Beware Of Backlash On Reforms, India Tells WTO Members

New Delhi, July 30: | Updated: Jul 31 2003, 05:30am hrs
India has cautioned the World Trade Organisation members of a backlash in developing nations if the pace of economic reforms being undertaken autonomously is seen to be forced under dictates from outside.

Arun Shourie: Warning note
Articulating Indias point of view at the three-day informal meeting of trade ministers, being hosted by Canada in Montreal, on Tuesday, disinvestment minister Arun Shourie emphasised that if the pace of economic reforms was such as to cause dislocation or to be perceived as an imposition from outside, then there could be a backlash which could set back the whole process of multilateral trade negotiations. Stick to the Doha text and be cautious in moving forward, was his message to the meeting being attended by 24 member-countries.

The minister stressed the importance of agriculture as Indias key concern in the WTO negotiations, in particular food security and the livelihood security of the vast number of people dependent on agriculture.

Referring to the proposed special products of interest to developing countries, he said the selection of such products must be on the basis of self-declaration given that it was not possible to have multilaterally agreed criteria applicable across-the-board to all countries.

No IPO Policy In Selloff: Jaitley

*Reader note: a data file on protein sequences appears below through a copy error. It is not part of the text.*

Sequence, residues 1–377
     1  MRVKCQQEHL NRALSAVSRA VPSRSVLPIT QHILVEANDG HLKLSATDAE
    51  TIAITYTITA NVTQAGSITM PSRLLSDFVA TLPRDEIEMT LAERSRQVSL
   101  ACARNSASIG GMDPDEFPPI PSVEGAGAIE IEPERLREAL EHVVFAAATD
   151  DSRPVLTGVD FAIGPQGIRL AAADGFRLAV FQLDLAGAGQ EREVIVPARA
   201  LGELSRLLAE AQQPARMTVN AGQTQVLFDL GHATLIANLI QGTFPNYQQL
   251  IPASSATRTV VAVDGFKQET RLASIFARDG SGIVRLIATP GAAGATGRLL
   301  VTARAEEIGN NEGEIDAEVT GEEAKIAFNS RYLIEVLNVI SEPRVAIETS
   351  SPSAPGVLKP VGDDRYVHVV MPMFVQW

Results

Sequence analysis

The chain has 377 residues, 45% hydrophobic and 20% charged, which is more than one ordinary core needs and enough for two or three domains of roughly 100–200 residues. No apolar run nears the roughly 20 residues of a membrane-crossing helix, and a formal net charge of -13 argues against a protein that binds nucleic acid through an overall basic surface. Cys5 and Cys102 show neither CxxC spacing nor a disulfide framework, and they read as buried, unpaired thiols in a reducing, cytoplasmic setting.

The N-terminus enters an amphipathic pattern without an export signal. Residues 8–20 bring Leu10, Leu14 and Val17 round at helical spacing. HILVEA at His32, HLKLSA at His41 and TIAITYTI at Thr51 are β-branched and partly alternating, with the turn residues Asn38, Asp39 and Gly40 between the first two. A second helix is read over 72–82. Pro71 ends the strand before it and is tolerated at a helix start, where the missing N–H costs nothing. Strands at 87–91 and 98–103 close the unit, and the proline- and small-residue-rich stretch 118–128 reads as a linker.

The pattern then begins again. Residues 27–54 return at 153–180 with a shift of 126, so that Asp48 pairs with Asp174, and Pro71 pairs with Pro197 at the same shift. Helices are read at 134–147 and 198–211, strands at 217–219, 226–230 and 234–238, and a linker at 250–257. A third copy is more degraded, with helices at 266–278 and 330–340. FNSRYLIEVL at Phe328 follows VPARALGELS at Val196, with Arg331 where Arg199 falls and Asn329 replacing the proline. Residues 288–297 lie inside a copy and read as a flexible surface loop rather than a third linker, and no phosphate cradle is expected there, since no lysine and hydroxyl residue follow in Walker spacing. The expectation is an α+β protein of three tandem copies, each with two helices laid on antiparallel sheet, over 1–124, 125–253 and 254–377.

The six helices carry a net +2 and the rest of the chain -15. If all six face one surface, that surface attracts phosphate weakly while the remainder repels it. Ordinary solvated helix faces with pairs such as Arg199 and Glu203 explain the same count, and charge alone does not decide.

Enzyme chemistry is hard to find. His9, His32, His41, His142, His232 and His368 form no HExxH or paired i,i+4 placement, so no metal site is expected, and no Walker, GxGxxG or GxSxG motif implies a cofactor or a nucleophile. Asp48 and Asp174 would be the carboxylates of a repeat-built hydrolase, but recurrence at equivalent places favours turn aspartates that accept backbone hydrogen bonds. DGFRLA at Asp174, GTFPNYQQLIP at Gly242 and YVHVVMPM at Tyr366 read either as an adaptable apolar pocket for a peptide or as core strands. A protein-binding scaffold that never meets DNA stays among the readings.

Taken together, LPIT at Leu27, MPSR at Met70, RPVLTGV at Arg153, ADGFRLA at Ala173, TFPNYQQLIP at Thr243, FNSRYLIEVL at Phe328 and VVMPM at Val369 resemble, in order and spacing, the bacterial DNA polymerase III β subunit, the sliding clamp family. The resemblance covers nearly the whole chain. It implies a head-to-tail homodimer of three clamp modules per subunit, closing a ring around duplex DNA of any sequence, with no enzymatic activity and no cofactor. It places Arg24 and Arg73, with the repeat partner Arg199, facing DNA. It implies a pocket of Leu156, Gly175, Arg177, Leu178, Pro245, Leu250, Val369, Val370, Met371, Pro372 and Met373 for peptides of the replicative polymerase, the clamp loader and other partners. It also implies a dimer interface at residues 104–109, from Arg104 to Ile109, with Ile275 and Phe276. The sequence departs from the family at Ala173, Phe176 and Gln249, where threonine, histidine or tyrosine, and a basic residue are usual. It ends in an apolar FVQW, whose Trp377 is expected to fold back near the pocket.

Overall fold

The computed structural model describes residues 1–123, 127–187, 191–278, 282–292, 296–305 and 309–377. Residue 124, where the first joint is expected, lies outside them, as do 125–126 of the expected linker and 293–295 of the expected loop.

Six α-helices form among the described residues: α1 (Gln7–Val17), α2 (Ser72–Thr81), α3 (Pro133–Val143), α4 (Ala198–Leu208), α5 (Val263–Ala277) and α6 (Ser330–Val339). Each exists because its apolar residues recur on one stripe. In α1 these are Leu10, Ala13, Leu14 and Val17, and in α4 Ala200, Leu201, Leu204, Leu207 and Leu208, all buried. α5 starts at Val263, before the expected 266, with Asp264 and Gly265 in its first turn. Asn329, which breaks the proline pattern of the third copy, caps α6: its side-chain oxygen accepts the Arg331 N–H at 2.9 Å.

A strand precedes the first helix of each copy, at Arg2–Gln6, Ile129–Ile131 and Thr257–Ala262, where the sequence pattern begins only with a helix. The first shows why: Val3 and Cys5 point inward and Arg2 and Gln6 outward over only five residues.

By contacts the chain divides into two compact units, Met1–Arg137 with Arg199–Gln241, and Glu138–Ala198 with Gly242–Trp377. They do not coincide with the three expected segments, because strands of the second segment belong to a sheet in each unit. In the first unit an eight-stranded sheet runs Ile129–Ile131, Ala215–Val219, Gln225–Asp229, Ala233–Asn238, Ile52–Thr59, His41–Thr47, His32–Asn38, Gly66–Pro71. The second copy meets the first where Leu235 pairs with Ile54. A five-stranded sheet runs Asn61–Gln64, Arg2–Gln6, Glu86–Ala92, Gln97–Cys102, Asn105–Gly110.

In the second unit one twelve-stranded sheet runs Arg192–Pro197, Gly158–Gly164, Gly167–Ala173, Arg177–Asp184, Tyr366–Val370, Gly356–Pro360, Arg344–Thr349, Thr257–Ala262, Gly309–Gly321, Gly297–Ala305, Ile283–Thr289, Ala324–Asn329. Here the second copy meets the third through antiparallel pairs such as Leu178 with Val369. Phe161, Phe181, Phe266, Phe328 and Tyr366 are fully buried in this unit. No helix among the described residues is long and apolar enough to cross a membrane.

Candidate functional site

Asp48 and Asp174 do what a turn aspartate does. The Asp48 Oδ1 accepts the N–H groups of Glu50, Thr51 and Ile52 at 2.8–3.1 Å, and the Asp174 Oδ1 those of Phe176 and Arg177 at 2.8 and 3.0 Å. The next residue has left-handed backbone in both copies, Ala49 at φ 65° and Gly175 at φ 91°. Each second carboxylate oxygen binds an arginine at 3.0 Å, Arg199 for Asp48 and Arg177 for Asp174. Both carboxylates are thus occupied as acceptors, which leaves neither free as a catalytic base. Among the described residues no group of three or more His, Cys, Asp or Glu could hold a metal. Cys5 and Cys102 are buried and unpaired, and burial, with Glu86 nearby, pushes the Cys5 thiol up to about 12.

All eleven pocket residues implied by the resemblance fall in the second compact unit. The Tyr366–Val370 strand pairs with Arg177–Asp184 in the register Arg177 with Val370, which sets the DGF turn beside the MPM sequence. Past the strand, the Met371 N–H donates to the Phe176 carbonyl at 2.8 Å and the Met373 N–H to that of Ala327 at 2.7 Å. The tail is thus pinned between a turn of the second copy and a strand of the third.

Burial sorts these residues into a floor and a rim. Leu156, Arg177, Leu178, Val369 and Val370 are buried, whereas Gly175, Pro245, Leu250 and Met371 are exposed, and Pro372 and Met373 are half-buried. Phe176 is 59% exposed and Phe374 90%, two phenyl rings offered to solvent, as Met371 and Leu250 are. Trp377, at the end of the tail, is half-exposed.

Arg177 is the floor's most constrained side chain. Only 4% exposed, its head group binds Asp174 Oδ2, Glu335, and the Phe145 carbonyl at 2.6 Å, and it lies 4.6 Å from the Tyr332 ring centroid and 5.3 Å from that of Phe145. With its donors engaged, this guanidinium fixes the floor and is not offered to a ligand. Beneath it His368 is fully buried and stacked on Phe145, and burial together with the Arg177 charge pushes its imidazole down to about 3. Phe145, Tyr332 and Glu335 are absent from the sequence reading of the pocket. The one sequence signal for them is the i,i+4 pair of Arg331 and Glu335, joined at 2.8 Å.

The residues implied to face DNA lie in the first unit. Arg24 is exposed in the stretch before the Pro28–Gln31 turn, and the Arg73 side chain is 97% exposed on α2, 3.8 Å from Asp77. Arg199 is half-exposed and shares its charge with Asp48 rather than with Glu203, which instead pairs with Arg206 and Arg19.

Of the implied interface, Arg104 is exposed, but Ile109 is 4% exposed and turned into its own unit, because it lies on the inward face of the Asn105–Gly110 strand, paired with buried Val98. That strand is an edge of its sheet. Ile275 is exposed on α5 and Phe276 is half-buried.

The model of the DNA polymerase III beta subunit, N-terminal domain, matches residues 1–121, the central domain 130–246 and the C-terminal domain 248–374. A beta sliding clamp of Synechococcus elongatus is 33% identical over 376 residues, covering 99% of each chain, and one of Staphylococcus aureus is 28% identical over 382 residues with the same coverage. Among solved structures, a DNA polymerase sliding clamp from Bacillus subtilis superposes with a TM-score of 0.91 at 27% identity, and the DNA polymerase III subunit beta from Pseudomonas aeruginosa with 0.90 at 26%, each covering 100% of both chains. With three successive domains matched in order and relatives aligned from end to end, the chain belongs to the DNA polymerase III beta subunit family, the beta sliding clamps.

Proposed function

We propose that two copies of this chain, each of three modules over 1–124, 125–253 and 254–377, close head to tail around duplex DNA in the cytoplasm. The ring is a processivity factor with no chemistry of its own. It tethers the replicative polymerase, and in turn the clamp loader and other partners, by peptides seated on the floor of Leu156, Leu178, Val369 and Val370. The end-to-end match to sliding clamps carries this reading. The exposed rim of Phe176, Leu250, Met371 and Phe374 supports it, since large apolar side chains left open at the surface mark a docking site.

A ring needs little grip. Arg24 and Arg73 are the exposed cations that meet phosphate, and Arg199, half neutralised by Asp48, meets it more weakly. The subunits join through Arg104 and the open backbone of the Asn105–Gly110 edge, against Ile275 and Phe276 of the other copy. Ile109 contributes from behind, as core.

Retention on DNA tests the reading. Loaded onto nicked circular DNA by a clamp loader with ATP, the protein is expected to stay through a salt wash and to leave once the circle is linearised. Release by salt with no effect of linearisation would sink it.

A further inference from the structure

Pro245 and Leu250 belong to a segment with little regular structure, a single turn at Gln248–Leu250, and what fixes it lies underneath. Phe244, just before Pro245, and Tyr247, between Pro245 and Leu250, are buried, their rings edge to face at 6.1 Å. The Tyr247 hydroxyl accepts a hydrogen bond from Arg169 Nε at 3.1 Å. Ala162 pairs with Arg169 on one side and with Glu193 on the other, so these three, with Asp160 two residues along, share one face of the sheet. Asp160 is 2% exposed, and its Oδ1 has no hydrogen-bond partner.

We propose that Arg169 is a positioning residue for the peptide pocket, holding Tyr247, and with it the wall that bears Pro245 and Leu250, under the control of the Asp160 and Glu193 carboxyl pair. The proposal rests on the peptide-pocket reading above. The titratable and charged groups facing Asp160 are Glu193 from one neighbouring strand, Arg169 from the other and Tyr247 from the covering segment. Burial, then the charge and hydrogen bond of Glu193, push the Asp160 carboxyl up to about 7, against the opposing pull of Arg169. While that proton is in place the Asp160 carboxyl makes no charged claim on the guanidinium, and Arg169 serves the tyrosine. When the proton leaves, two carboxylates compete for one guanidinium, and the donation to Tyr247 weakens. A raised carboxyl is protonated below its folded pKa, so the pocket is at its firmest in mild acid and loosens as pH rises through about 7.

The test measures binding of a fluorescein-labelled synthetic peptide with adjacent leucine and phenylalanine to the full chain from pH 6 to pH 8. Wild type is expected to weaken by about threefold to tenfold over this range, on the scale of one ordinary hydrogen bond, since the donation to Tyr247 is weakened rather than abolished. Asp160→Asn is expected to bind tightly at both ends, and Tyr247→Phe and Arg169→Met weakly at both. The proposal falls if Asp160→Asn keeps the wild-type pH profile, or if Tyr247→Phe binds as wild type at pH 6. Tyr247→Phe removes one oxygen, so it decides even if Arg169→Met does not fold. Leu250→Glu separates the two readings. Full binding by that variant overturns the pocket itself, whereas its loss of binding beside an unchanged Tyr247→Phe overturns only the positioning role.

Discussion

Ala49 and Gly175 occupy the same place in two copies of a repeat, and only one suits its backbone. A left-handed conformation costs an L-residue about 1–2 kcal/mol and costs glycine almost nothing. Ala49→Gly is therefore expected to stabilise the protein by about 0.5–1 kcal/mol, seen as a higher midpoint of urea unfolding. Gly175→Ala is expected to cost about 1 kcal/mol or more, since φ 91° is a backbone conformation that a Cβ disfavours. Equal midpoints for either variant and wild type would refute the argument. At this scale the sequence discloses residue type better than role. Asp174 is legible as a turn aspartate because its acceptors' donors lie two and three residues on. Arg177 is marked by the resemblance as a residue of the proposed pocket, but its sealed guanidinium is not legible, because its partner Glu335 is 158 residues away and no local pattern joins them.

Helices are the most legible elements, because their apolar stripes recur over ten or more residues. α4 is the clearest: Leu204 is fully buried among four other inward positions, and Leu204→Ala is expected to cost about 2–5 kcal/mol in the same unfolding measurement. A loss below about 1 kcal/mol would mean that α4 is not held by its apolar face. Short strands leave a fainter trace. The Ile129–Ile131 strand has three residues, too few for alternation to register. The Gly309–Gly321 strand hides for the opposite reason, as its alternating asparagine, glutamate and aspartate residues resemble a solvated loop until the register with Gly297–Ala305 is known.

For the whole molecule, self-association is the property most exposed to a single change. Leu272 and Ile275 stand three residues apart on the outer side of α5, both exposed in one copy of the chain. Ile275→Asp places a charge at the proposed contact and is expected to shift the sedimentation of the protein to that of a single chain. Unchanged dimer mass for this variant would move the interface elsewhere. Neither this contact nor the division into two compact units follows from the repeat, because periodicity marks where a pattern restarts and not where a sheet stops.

New Delhi: Government on Wednesday said it had not decided to adopt a policy of issuing initial public offers (IPOs) instead of strategic sale of equity to privatise public sector units. However, it approved a disinvestment strategy including both IPOs and strategic sale as was appropriate depending on specific requirements in each case, commerce and industry minister Arun Jaitley said during question hour. PTI

Mr Shourie pointed out that there were about 35 crops in India on each of which around five million were dependent and more than 25 crops with an area of over one million hectare each. The special products would need to be combined with special safeguard measures with suitable trigger mechanism in terms of both import volume and price in order to protect the interests of farmers.

There should also be reduction in trade distorting agricultural subsidies without the camouflage of shifting boxes and the key issue of non-tariff barriers which hindered exports from developing countries should be adequately addressed, he said.

Participating in the session on non-agricultural market access, he said that while India was in broad agreement with the Girard formula (which recognises the need for differentiation and suggests certain elements for developing modalities for the negotiations), there were several sensitive sectors which would need continued higher levels of protection.

He mentioned in particular the sensitivities of small-scale and cottage industries, agricultural products like natural rubber, jute and coir which had crept into the industrial goods during the Uruguay Round despite having all the characteristics of primary agriculture products and lastly the categories of industries which had not yet fully stabilised in the country.

In the session on development, Mr Shourie reiterated the importance of implementation of special and differential treatment issues and underlined the need to achieve some results in this area before Cancun, and preparing a clear roadmap for dealing with these issues beyond Cancun.